January is not only a time for new resolutions, its also a great time to visit your retirement savings strategy to see if you are on track and to implement any necessary updates to ensure you are taking full-advantage of annual contribution limits.

With the IRS rushing to interpret and implement hundreds of pages of changes to the recently changed tax code, here are some of the highlights affecting your ability to save and defer taxes in your employer-sponsored retirement plan or IRAs for 2018.

401(k), 403(b), 457, Thrift Savings Program
For employees who participate in these employer-sponsored plans, the annual contribution limit has increased from $18,000 to $18,500.
The additional catch-up contribution, for individuals aged 50 and over, remains at $6,000, for a total maximum available 2018 contribution of $24,500.

***IF you participate in a government sponsored 457 plan, and are within three years of your normal retirement age, you most likely qualify for a special catch up provision that allows you contribute up to double the limit for the years leading up to retirement*** Contact your human resources department for details.

Traditional and Roth IRA
The annual contribution limit for both Traditional and Roth IRA remains unchanged at $5,500.
The additional catch-up contribution individuals aged 50 and over remains at $1,000, for a total maximum 2018 contribution of $6,500.  However, the annual income limits have been updated.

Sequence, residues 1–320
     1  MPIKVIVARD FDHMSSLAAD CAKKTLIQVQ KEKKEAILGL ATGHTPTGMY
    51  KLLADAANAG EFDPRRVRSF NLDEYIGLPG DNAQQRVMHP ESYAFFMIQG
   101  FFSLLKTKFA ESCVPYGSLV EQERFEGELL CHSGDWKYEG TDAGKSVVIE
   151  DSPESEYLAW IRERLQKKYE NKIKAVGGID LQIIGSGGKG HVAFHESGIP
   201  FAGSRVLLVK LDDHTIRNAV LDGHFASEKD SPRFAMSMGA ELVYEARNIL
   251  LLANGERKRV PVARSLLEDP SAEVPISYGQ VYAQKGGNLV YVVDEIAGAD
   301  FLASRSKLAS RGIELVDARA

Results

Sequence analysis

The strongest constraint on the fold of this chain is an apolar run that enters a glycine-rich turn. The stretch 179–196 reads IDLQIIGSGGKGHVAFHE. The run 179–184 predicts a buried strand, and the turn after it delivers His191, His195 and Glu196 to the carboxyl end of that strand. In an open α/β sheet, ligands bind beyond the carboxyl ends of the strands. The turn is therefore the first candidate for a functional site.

Traditional IRA
Taxpayers can deduct contributions to a traditional IRA if they meet certain conditions. If during the year either the taxpayer or their spouse was covered by retirement plan through work, the deduction may be reduced, or phased out, until it is eliminated. (If neither spouse is covered by a workplace retirement plan, the phase-outs of the deduction do not apply).

  • For single taxpayers (covered by a workplace plan) the phase-out range is $63,000 to $73,000 (up from $62,000 to $72,000)
  • For married couples filing jointly, where the spouse making the IRA contribution is covered by a workplace retirement plan, phase-out range is $101,000 to $121,000 (up from $99,000 to $119,000).
  • For married couples, where the spouse making the IRA contribution is not covered by a workplace retirement plan, and is married to someone who is covered, the deduction is phased out if the couple’s income is between $189,000 and $199,000 (up from $186,000 and $196,000).

Roth IRA
The income phase-out range for taxpayers making contributions to a Roth IRA is $120,000 to $135,000 for singles and head of household, up from $118,000 to $133,000. For married couples filing jointly, the income phase-out range is $189,000 to $199,000, up from $186,000 to $196,000.

There are additional changes to sections of the Internal Revenue Code which may affect your defined contribution, defined benefit, and small business employer sponsored retirement plans,  see link above for more details.   IRS Announces Changes for 2018

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